So it is with our brains. In our virtual world, the digital template that is our brain is incapable of doing anything in the “simulation” that it isn’t designed to do. The digital simulation that is the RLL must follow the rules of RLL physics much the way a “physics engine” provides the rules of RLL physics for a computer game. And these rules extend to brain function. Imagine if, in the 21st century, we had no scientific explanation for how we process sensory input or make mental decisions because there was no brain in our bodies. Would that be a “reality” that we could believe in? So, in our level of reality that we call waking reality, we need a brain.

But that brain “template” doesn’t limit the ability for our mind to evolve any more than the lack of brain or central nervous system prevents a collection of single celled organisms called a slime mold from actually learning.

In fact, there is some good evidence for the idea that our minds are evolving as rapidly as technology. Spiral Dynamics is a model of the evolution of values and culture that can be applied to individuals, institutions, and all of humanity. The figure below depicts a very high level overview of the stages, or memes, depicted by the model.

Spiral Dynamics

Each of these stages represents a shift in values, culture, and thinking, as compared to the previous. Given that it is the human mind that drives these changes, it is fair to say that the progression models the evolution of the human mind. As can be seen by the timeframes associated with the first appearance of each stage of humanity, this is an exponential progression. In fact, this is the same kind of progression that Transhumanists used to prove exponential progression of technology and AI. This exponential progression of mind would seem to defy the logic that our minds, if based on fixed neurological wiring, are incapable of exponential development.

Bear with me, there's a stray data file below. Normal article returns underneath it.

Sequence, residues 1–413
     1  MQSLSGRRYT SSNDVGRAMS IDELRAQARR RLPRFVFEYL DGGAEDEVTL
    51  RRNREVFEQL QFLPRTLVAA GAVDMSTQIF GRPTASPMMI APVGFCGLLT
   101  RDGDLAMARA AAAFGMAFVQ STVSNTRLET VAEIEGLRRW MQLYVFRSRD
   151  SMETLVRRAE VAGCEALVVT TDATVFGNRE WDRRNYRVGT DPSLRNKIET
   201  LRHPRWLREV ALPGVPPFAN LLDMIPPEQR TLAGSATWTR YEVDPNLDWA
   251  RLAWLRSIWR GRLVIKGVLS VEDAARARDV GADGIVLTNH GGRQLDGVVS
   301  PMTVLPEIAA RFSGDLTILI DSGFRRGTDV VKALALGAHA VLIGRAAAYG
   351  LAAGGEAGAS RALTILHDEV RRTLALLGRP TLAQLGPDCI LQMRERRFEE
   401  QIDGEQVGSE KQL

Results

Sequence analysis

And so, higher level conscious thought and logic can easily evolve in the human mind in the truer reality, which may very well keep us ahead of the AI that we are creating in our little virtual reality. The trick is in letting go of our limiting assumptions that it cannot be done, and developing protocols for mental evolution.

So, maybe hold off on buying those front row tickets to the Singularity.

Why the Universe Only Needs One Electron

According to renowned physicist Richard Feynman (recounted during his 1965 Nobel lecture)…

“I received a telephone call one day at the graduate college at Princeton from Professor Wheeler, in which he said, ‘Feynman, I know why all electrons have the same charge and the same mass.’ ‘Why?’ ‘Because, they are all the same electron!’”